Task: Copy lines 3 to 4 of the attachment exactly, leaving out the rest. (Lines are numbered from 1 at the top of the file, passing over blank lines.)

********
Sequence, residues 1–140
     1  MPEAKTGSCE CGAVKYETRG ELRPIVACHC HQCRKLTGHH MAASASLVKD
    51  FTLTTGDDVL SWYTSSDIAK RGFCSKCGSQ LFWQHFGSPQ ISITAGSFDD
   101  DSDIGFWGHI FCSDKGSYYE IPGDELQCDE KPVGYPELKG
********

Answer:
    51  FTLTTGDDVL SWYTSSDIAK RGFCSKCGSQ LFWQHFGSPQ ISITAGSFDD
   101  DSDIGFWGHI FCSDKGSYYE IPGDELQCDE KPVGYPELKG